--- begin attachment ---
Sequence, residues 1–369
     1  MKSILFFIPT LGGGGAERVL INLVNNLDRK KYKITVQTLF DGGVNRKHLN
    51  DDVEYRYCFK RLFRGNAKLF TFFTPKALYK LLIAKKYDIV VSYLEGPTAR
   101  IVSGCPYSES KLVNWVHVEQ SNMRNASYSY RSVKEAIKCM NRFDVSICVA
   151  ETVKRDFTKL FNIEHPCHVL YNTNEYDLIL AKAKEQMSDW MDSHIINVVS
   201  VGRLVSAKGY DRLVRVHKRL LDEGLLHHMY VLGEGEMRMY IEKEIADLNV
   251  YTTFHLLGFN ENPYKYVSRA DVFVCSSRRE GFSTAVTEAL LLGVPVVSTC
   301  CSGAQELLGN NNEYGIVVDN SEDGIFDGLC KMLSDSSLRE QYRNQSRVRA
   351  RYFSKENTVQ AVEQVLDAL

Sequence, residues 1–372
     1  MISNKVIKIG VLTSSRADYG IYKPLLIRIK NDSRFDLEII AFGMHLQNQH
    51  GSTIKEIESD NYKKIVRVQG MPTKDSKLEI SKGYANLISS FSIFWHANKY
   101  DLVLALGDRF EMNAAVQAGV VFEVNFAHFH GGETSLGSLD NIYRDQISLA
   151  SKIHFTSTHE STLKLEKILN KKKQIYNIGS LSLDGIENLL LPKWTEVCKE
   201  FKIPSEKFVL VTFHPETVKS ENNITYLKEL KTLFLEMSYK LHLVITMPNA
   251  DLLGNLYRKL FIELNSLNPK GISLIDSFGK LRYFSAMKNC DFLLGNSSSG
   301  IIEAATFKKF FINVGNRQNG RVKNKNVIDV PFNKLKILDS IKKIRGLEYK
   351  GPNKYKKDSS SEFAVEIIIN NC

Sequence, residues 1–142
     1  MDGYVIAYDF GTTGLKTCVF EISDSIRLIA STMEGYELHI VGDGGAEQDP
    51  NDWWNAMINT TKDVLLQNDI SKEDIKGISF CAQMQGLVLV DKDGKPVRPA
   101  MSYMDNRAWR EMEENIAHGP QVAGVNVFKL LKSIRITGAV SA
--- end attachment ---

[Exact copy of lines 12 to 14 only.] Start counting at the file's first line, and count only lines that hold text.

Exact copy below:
    51  GSTIKEIESD NYKKIVRVQG MPTKDSKLEI SKGYANLISS FSIFWHANKY
   101  DLVLALGDRF EMNAAVQAGV VFEVNFAHFH GGETSLGSLD NIYRDQISLA
   151  SKIHFTSTHE STLKLEKILN KKKQIYNIGS LSLDGIENLL LPKWTEVCKE